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County commission approves 5-cent fuel tax hike

Motorists traveling in Nye County will soon be paying more at the pump.

The County Commission unanimously voted to raise the motor fuel tax by 5 cents a gallon at Tuesday's commission meeting.

The 5-0 vote will see the tax raised from its current 4-cent per gallon rate to 9 cents. The new rate will go into effect Oct. 26.

The motor fuel tax in Nye County hasn't changed in 30 years, so it will be used to catch up with the increased cost of road maintenance. The fuel tax dollars must be spent on roads, which is authorized by Nevada Revised Statute 373.

All net proceeds are deposited in the county treasurer's fund and disbursed in accordance with the provisions of state law for construction and/or repair of public roads.

"It doesn't go to any state highways, it goes strictly to county roads that our county staff has to maintain," Commissioner Lorinda Wichman said. "There is no distinction between any of the communities, it goes where it's needed. The RTC makes a determination based on condition and complaints and driving those roads themselves."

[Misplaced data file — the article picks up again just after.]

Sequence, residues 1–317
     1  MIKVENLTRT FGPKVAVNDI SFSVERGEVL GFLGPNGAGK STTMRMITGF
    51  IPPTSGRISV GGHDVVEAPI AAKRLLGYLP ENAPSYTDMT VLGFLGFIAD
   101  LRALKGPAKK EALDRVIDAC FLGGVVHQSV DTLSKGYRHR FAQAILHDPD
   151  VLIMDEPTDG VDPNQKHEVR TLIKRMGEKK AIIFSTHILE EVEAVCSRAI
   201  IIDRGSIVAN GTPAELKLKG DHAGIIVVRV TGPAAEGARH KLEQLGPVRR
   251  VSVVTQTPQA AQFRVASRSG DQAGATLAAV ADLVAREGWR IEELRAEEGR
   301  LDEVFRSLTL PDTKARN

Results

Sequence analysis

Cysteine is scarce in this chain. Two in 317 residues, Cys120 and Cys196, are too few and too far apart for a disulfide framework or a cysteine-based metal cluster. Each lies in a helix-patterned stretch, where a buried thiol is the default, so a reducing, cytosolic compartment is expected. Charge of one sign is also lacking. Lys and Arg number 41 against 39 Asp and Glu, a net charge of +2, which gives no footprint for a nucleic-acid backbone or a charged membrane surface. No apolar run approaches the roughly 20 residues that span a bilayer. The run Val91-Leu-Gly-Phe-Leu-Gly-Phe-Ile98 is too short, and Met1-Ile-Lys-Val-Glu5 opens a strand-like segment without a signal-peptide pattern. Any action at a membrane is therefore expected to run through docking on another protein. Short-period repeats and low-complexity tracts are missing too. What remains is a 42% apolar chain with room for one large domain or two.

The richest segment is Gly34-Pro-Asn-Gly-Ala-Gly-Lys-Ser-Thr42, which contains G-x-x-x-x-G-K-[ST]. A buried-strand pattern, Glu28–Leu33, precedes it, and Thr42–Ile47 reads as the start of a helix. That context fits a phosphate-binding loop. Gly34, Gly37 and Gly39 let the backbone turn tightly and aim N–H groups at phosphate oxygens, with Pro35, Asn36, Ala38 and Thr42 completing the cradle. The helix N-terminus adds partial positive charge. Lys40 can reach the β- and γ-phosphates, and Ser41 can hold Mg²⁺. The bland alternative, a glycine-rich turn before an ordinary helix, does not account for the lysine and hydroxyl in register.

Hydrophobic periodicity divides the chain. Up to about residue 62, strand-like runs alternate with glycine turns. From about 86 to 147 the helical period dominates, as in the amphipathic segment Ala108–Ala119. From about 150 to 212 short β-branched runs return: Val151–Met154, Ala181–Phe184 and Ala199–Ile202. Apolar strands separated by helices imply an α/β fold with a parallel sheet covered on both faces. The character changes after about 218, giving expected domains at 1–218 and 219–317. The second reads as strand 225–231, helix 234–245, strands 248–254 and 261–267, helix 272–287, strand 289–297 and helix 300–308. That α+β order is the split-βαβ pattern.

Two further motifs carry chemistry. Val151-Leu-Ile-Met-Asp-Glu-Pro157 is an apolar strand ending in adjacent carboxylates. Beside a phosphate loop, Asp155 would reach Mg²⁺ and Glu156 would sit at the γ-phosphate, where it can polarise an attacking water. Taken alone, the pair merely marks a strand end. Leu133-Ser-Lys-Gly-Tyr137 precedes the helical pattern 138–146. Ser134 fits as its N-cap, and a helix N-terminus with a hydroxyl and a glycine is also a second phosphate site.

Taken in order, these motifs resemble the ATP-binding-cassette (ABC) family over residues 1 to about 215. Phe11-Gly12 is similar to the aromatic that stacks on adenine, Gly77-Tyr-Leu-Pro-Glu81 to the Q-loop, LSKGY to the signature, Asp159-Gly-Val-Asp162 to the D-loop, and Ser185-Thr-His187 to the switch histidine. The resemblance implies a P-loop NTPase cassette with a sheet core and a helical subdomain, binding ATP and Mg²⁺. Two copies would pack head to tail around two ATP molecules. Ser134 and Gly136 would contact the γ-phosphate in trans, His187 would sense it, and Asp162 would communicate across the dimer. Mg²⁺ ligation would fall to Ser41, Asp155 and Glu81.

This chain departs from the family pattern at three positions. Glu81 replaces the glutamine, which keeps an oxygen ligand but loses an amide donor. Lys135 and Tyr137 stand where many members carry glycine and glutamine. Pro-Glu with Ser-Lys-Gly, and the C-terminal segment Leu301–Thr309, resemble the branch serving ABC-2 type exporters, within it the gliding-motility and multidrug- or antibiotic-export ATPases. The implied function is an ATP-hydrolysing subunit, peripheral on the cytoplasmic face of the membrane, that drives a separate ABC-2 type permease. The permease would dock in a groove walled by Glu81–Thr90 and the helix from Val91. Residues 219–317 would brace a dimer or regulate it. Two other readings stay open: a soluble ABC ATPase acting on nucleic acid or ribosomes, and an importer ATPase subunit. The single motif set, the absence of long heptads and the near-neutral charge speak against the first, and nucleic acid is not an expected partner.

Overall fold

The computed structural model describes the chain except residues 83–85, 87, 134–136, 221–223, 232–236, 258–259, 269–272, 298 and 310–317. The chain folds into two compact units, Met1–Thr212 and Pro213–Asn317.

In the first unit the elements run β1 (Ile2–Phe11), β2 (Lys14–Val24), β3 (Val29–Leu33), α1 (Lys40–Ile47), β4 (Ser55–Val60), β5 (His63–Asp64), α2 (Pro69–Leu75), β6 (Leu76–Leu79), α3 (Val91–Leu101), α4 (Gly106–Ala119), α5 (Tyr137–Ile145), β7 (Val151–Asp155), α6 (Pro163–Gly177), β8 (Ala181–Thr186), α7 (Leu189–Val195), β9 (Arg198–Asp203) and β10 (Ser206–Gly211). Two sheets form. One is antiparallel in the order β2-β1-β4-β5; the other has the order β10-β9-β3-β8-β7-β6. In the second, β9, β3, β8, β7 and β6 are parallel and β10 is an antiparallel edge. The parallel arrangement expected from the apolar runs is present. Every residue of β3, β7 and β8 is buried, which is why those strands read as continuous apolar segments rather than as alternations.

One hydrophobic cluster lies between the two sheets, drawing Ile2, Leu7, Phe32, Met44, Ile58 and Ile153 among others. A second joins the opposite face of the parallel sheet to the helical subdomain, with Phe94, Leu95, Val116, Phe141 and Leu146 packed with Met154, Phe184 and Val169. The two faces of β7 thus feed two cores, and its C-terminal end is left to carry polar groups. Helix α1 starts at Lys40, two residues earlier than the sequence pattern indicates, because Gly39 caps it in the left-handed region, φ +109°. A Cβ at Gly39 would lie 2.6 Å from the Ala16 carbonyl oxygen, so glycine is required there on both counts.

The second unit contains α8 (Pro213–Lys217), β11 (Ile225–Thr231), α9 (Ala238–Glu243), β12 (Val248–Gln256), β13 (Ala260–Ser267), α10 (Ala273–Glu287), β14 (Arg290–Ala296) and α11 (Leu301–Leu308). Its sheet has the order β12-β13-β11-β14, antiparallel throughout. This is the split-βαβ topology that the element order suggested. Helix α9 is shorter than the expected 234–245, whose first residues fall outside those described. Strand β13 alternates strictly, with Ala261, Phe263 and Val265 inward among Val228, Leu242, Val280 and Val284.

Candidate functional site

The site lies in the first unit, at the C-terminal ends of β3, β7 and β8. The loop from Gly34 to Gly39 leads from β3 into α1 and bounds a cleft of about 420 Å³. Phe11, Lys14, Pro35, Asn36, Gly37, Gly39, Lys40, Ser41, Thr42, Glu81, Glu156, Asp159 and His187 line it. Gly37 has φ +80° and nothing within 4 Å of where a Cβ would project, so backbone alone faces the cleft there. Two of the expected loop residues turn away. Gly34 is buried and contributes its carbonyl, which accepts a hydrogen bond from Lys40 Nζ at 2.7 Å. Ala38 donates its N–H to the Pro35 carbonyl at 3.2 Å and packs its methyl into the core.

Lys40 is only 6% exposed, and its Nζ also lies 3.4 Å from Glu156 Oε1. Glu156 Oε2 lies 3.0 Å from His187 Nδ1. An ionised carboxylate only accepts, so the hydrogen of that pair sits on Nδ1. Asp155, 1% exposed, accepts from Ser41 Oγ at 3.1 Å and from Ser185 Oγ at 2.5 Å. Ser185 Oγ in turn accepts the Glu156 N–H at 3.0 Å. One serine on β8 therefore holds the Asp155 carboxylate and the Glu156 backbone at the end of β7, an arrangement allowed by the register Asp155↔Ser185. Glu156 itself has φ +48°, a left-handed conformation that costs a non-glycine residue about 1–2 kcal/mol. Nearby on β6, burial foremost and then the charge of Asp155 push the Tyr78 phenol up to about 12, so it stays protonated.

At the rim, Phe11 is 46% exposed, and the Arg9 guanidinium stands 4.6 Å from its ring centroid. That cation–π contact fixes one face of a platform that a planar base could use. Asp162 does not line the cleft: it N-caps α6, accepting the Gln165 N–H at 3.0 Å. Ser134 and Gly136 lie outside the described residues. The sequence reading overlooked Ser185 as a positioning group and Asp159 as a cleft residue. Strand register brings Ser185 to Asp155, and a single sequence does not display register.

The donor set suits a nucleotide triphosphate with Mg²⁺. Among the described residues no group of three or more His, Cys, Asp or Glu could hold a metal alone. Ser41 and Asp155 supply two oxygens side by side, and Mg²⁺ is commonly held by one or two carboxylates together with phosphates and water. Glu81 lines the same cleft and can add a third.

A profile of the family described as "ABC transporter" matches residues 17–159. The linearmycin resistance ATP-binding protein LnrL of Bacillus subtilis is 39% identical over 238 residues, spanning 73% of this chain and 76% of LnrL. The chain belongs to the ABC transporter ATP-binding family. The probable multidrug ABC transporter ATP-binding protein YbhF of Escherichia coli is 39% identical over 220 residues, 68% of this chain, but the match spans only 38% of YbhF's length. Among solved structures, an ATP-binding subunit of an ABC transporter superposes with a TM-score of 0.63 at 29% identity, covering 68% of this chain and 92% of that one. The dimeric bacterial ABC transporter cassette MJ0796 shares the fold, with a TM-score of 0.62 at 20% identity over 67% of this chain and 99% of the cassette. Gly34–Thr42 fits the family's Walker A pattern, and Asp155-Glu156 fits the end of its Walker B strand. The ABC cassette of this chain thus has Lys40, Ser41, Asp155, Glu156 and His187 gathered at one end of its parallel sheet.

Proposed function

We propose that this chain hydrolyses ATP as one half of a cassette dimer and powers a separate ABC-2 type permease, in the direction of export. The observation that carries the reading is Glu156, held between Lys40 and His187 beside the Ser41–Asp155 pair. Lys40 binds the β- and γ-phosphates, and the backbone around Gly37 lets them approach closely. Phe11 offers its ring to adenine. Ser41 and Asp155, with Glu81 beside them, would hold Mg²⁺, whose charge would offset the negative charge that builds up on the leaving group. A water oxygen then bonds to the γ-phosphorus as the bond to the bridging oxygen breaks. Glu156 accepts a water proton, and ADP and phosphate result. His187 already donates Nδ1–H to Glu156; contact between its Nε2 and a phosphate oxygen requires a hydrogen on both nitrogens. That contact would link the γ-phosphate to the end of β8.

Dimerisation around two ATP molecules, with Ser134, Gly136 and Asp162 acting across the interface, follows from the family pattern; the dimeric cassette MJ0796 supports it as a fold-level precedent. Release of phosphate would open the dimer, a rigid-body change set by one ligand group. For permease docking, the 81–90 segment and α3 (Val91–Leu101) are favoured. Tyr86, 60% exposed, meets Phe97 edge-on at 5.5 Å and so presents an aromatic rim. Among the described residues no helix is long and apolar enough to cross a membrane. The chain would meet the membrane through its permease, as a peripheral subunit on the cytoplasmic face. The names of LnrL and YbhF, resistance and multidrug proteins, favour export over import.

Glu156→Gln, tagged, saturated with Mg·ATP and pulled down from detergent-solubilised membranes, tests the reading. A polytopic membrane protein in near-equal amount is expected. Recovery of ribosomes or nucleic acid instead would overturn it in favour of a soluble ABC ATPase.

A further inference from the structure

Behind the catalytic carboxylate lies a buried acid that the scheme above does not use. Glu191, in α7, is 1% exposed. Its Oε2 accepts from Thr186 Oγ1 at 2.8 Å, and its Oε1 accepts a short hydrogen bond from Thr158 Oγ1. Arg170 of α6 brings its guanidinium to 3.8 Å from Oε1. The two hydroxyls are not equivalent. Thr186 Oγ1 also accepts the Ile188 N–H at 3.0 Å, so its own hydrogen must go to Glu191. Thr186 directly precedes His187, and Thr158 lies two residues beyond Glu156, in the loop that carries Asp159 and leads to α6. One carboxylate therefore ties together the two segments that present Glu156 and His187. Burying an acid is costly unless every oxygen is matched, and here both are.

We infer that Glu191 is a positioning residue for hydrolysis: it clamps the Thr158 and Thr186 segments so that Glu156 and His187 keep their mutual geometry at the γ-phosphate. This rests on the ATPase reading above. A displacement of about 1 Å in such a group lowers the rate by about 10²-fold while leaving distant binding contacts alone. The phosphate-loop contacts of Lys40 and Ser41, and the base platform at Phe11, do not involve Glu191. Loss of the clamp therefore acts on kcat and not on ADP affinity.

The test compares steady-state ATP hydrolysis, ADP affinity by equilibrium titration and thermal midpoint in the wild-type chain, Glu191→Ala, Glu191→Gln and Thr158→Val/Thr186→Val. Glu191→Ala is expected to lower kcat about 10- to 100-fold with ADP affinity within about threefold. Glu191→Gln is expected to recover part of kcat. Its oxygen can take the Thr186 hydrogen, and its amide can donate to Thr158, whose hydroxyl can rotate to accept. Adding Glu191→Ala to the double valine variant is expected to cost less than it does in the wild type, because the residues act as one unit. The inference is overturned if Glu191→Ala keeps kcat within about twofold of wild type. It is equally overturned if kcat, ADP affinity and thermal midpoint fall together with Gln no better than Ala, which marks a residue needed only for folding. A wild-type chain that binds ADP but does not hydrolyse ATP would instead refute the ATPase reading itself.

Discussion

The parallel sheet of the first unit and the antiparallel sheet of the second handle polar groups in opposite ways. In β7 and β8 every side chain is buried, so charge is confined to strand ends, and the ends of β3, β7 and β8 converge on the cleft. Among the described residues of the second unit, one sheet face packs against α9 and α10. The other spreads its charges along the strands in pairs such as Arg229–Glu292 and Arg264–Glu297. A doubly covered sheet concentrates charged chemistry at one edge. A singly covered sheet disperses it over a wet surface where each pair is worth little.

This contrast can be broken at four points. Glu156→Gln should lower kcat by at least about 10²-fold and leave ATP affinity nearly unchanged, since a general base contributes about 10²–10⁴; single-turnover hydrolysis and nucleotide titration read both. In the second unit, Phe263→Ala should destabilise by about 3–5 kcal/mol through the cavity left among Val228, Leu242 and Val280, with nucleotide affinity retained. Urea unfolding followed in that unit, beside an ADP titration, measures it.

The suggested 5-cent gas tax increase, the highest that can be implemented without a vote of the residents, was proposed by Commissioner Dan Schinhofen on Aug. 4.

The current 4 cents is projected to generate $838,000 in revenue to maintain the county's 2,747 miles of roads, including bridges. That includes maintaining signage, traffic signals, plowing roads in winter and repairing flood damage every summer. The full 5-cent increase will put an additional $1.1 million in the road fund coffers, projecting revenue at $1.9 million annually.

Public support of the tax hike has been split, but most agree that something needs to be done to ensure the roads they all drive on each day remain safe and operable.

"To those who say that they cannot afford 5 cents… broken axles and busted tires cost way more than the extra buck for a typical fill-up," Pahrump resident Bill Stremmel said during public comment.

John Koenig explained that with more advanced vehicles on the road today, pumps aren't seeing the usage they once did when the fuel tax was last heightened and that this might not be the last time you see this issue brought up.

"Cars are getting more efficient compared to what they were in 1982 and 1985, when you look at what's going on today getting 25, 26, 30 and in some cases 50 miles per gallon, that means we're not getting as much fuels being bought," Koenig said. "We also have a very big load of electric cars out there and I know that VEA is in the process of putting in a substation to start filling up electric cars.

"So hang on guys, there's probably more to come."

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